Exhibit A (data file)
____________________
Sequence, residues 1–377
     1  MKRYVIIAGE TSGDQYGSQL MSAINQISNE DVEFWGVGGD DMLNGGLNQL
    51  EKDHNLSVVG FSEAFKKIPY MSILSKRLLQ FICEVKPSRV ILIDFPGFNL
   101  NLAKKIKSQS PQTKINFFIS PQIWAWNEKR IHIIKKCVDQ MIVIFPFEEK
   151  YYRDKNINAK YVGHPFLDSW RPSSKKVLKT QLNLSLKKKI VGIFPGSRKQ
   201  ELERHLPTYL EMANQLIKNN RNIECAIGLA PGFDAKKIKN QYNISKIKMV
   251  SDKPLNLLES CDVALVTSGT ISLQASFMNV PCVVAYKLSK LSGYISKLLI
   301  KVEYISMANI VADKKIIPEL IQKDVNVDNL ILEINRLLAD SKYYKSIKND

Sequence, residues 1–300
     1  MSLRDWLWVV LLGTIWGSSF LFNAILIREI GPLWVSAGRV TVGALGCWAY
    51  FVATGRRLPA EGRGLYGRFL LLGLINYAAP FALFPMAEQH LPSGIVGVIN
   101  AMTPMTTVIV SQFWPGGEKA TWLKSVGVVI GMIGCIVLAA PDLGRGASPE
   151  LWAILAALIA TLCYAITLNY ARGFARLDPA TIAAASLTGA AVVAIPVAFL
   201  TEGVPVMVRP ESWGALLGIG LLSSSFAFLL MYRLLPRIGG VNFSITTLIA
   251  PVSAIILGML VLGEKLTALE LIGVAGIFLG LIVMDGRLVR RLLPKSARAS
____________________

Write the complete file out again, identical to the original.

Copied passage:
Sequence, residues 1–377
     1  MKRYVIIAGE TSGDQYGSQL MSAINQISNE DVEFWGVGGD DMLNGGLNQL
    51  EKDHNLSVVG FSEAFKKIPY MSILSKRLLQ FICEVKPSRV ILIDFPGFNL
   101  NLAKKIKSQS PQTKINFFIS PQIWAWNEKR IHIIKKCVDQ MIVIFPFEEK
   151  YYRDKNINAK YVGHPFLDSW RPSSKKVLKT QLNLSLKKKI VGIFPGSRKQ
   201  ELERHLPTYL EMANQLIKNN RNIECAIGLA PGFDAKKIKN QYNISKIKMV
   251  SDKPLNLLES CDVALVTSGT ISLQASFMNV PCVVAYKLSK LSGYISKLLI
   301  KVEYISMANI VADKKIIPEL IQKDVNVDNL ILEINRLLAD SKYYKSIKND

Sequence, residues 1–300
     1  MSLRDWLWVV LLGTIWGSSF LFNAILIREI GPLWVSAGRV TVGALGCWAY
    51  FVATGRRLPA EGRGLYGRFL LLGLINYAAP FALFPMAEQH LPSGIVGVIN
   101  AMTPMTTVIV SQFWPGGEKA TWLKSVGVVI GMIGCIVLAA PDLGRGASPE
   151  LWAILAALIA TLCYAITLNY ARGFARLDPA TIAAASLTGA AVVAIPVAFL
   201  TEGVPVMVRP ESWGALLGIG LLSSSFAFLL MYRLLPRIGG VNFSITTLIA
   251  PVSAIILGML VLGEKLTALE LIGVAGIFLG LIVMDGRLVR RLLPKSARAS